Untangling the Spread of Alzheimer's

06 February 2012

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In this NewsFlash - we find out how regions of the brain may "catch" Alzheimer's from each other, discover a new microscopy technique that can open a window on the brain in action and talk to the Australian ecologist who thinks more introduced species, including elephants, could stabilise the Aussie ecosystem.

In this episode

00:17 - Untangling how Alzheimer's spreads through the brain

Scientists at Columbia University in New York have figured out how one of the key proteins involved in Alzheimer’s disease spreads through the brain.

Untangling how Alzheimer's spreads through the brain

Scientists at Columbia University in New York have figured out how one of the key proteins involved in Alzheimer's disease spreads through the brain.

Alzheimer's disease is a degenerative condition of the brain, caused when specific proteins in the nerve cells, known as beta amyloid and tau proteins, stop performing their proper roles in the nerve cells and instead clump into beta amyloid plaques or tau protein tangles. The tangles formed by the tau proteins were what the researchers at Columbia focussed on.

Post-mortem studies of human patients with Alzheimer's disease had suggested that an area of the brain just behind the ears, known as the entorhinal cortex, might be the starting point for the tauopathy - the degeneration caused by the abnormal tau proteins tangling up. So the researchers set out to engineer mice that would produce the abnormal human tau proteins in their entorhinal cortex, so that they could follow the progress of the disease.Alzheimers Neurofibrillary tangle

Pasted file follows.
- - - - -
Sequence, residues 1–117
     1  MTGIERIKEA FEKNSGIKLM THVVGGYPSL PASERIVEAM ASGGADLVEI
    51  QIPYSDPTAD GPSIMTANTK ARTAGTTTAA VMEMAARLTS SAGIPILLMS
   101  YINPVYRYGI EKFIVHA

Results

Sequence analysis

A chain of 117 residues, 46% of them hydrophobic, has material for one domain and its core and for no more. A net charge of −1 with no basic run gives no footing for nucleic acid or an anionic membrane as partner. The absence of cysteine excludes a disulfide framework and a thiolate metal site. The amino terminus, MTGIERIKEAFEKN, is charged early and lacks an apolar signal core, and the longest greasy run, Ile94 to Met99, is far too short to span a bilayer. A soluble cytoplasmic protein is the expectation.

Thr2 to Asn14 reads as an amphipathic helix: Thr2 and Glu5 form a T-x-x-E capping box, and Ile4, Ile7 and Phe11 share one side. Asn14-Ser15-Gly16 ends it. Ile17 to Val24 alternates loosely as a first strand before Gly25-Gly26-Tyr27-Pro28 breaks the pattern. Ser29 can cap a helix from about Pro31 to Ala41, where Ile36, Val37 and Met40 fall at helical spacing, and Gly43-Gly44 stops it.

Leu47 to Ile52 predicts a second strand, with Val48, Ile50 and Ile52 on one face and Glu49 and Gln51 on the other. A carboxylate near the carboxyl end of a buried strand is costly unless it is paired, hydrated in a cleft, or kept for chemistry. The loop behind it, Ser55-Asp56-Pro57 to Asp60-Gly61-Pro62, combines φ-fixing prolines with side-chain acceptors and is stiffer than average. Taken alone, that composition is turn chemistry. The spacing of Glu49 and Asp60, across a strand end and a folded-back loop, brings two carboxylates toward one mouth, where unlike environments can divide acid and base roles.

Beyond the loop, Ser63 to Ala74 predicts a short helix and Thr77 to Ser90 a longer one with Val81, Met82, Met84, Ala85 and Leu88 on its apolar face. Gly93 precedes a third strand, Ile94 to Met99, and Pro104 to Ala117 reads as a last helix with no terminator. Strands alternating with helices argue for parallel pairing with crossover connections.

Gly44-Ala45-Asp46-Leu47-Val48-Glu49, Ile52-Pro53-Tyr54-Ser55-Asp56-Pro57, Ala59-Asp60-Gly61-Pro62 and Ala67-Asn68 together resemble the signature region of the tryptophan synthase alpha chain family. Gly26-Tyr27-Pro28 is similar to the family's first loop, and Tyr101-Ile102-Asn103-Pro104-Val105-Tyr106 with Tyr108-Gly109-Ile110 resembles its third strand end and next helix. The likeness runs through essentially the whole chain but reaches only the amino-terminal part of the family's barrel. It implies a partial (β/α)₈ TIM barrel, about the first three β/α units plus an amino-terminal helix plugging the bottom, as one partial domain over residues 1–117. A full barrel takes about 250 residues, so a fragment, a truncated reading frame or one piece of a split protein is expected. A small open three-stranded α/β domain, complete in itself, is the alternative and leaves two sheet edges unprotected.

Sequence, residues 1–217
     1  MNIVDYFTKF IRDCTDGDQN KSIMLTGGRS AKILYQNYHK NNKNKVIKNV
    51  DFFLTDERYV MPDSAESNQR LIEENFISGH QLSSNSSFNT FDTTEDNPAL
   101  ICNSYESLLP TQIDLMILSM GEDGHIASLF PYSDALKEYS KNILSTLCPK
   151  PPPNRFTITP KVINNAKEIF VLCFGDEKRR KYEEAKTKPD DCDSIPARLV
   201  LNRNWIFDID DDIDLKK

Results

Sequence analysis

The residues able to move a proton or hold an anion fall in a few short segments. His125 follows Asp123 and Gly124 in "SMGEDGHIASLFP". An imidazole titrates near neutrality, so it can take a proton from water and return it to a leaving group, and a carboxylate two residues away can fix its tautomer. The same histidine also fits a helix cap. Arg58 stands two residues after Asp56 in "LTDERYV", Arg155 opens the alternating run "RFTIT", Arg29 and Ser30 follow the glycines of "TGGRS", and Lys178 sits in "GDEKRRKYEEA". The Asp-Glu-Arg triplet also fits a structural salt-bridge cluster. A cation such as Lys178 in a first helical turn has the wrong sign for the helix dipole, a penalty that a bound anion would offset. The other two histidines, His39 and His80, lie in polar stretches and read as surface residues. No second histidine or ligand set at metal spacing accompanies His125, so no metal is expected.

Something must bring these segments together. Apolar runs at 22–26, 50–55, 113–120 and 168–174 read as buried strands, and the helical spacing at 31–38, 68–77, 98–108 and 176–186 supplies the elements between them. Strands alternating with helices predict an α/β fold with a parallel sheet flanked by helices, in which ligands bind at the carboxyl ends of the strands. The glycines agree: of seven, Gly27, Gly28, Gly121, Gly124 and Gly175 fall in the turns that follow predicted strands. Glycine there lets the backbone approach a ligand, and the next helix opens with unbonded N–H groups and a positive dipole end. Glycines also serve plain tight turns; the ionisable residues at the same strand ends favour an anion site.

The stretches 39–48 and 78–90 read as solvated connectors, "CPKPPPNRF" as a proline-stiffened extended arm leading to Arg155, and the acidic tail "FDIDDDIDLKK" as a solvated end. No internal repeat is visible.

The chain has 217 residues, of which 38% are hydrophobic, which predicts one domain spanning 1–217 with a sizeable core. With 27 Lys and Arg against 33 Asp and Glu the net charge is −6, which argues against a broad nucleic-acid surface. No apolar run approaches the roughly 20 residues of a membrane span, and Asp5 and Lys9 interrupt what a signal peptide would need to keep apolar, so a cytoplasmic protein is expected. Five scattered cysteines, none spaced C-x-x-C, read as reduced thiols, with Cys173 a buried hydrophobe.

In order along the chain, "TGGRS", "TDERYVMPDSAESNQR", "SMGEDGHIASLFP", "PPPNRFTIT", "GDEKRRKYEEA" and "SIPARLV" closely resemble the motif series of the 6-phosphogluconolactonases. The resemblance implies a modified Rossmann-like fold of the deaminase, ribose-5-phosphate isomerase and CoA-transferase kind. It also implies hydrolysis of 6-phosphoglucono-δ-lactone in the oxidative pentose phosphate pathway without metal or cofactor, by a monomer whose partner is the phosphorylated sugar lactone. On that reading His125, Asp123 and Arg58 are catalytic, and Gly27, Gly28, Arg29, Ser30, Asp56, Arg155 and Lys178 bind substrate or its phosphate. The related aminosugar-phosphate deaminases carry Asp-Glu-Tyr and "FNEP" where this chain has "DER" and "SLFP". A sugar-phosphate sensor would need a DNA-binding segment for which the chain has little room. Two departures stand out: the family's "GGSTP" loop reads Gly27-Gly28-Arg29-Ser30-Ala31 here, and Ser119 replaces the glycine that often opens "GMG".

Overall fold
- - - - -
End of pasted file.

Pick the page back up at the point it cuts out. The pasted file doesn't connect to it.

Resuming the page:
They stained sections of the brains of these mice at different ages to look at where the tau proteins were, and whether they were normal or abnormal. And their results backed up the autopsy studies done in humans - it does appear that the tau proteins spread out from the entorhinal cortex, rather than it being a case of abnormal tau developing independently in separate parts of the brain.

One of the authors of the study, Karen Duff, believes there are several take home messages from their study, published in PLoS One, one of which is that we now have a reliable mouse model that can be used to study the disease further. Another is the rather unusual discovery about the movement of the tau proteins themselves...

'By the way that we looked at these mice we were able to say the tau had left one cell and moved to another cell and that's a radical piece of biology. It's suggestive of prion diseases like mad cow disease where you get a transmission of this abnormal protein through the brain.'

And when this abnormal tau spreads through the brain, it stimulates perfectly normal tau proteins in other cells to switch to being abnormal and start to tangle up. Karen was keen to stress that although these proteins move through the brain in this way, Alzheimer's isn't 'catching' - you can't 'catch' it from someone else.